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Police Shut Down Cybercrime Website Genesis Market Selling Two Million People’s Passwords

Police Shut Down Cybercrime Website Genesis Market Selling Two Million People’s Passwords :- A illegal website selling two million people’s internet identities for as little as 56 cents has been discovered by police. 80 million passwords and logins were traded on the widely accessible website Genesis Market, which crooks used to steal millions of pounds.

The victims’ logins to Facebook, Amazon, PayPal, Netflix, and their banks were stored in “bots” that fraudsters bought. These “bots” received real-time updates anytime the victims attempted to change their passwords.
With 120 arrests already made, the website was taken down on Tuesday night as a result of a large-scale sting operation with 17 national police agencies, including the FBI and the British National Crime Agency (NCA).

According to the NCA, there are “hundreds” of British criminals who used the website and “tens of thousands” of victims in the UK. Even better, the website imitated users’ browsers to get past security checks on social media and commerce portals.

Police shut down cybercrime website Genesis Market selling two million people's passwords

By mapping friends, family, and personal situations, this “enabled the perpetrators to basically masquerade as the victim” and “socially engineer them for more offences,” according to the NCA.

‘Genesis Market is an enormous enabler of fraud’

Genesis Market is one of the most popular illicit access markets in the entire world, according to Will Lyne, head of cyber intelligence for the NCA.

“By allowing that first access to victims, which is a fundamental component of the business model in a whole spectrum of nefarious activities, Genesis Market is a tremendous enabler of fraud and a range of other illegal conduct online.”

24 website users were detained in the UK on Tuesday and Wednesday in the course of 31 dawn raids under the Computer Misuse Act and for fraud-related offences, including two men, 34 and 36, in Grimsby, Lincolnshire.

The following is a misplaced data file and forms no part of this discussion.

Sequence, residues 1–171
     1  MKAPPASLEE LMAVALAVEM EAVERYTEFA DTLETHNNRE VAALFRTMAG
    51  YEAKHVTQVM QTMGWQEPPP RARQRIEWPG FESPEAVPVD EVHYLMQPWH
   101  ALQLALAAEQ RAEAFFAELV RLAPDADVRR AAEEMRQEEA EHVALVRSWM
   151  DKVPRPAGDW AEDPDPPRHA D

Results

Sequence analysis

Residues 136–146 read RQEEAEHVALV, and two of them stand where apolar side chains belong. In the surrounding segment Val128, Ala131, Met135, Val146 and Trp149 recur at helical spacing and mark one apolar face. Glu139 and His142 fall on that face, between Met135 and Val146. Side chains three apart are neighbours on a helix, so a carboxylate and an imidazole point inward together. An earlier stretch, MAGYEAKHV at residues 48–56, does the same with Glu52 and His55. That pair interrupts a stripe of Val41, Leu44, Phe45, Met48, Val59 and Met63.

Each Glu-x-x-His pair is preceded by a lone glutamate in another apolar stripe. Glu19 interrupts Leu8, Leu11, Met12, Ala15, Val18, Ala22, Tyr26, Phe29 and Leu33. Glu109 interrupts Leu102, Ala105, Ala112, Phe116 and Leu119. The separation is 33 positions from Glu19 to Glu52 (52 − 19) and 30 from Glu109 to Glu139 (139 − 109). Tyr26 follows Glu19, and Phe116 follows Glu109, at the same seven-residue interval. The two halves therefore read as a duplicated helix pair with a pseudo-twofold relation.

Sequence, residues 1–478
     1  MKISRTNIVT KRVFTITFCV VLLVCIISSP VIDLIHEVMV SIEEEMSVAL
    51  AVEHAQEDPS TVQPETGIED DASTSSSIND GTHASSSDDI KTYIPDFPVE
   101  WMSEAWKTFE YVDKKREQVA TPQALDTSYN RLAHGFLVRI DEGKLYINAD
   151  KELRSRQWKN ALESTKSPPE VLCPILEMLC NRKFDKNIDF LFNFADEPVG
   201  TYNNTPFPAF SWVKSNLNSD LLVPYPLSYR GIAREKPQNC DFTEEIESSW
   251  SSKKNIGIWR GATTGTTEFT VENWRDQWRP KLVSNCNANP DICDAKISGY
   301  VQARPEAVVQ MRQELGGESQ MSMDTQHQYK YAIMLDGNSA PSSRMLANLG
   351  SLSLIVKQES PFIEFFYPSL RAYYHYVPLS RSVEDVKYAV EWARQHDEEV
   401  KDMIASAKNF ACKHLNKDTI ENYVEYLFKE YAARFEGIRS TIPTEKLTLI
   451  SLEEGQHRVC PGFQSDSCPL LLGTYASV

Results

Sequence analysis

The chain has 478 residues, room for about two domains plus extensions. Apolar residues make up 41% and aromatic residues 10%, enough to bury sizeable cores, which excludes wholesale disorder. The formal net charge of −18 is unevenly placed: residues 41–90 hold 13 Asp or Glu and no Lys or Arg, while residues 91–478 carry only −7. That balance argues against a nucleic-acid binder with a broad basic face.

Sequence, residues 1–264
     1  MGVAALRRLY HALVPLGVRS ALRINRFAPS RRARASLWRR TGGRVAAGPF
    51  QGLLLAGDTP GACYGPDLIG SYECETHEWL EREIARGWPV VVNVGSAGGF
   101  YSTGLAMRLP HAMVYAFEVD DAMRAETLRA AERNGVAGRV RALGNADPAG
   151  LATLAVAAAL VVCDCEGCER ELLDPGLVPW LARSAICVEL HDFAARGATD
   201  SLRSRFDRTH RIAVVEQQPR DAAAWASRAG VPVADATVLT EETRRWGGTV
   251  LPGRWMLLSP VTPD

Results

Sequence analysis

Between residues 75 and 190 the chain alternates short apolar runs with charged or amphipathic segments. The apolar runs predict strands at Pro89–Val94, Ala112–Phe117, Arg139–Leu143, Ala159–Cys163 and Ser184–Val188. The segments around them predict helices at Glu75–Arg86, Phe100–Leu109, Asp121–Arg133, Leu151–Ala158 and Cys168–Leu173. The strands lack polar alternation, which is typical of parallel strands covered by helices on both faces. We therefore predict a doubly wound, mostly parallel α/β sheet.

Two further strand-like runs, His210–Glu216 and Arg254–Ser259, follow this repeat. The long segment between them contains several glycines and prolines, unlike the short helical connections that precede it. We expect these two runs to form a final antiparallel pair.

Almost 200 searches, close to 100 preventative actions, and about 120 arrests were made in total worldwide.

The FBI logo and the phrase “this website has been seized” are now displayed on the website as part of the investigation’s “operation cookie monster” investigation. The site’s ringleaders are being sought after in an ongoing investigation.

‘Very, very easy’ for anyone to access

Depending on the quantity and type of data stolen, the cost per “bot” might be as low as $0.70 (56p) or as high as several hundred dollars.

Anybody can utilize Genesis Market to commit a crime, according to Rob Jones, director-general of the National Economic Crime Centre.

You don’t need to know a criminal to start, which is the issue for us in the online world, he said.

“This is very harmful because you can totally self-start and go hunting for it and have everything you need to commit a crime.”

Genesis Market: Popular cybercrime website shut down by police

Millions of pounds stolen

When asked how much money might have been taken, Mr Jones added: “If you do the calculations with 80 million credentials and two million victims worldwide, there are millions of pounds available to the crooks who are involved in this.”

The website engaged in actions such as sim-swapping, which involves the theft of mobile phone numbers, ransomware attacks, which prevent access to data and demand payment to unlock it, and source code theft from businesses.

In order to gather information on criminals, NCA officers have already set up bogus distributed denial-of-service websites, which crash servers by overloading them with requests. Targeting scam websites could involve similar strategies.

Using the “check your hack” feature on the Dutch police website, members of the public can determine whether their information was sold on Genesis Market.

It follows the Met police’s destruction of iSpoof, an international internet fraud shop that sold equipment that let thieves carry out phone scams on hundreds of thousands of unwitting victims, though it had fewer victims and was more difficult to reach via the dark web.

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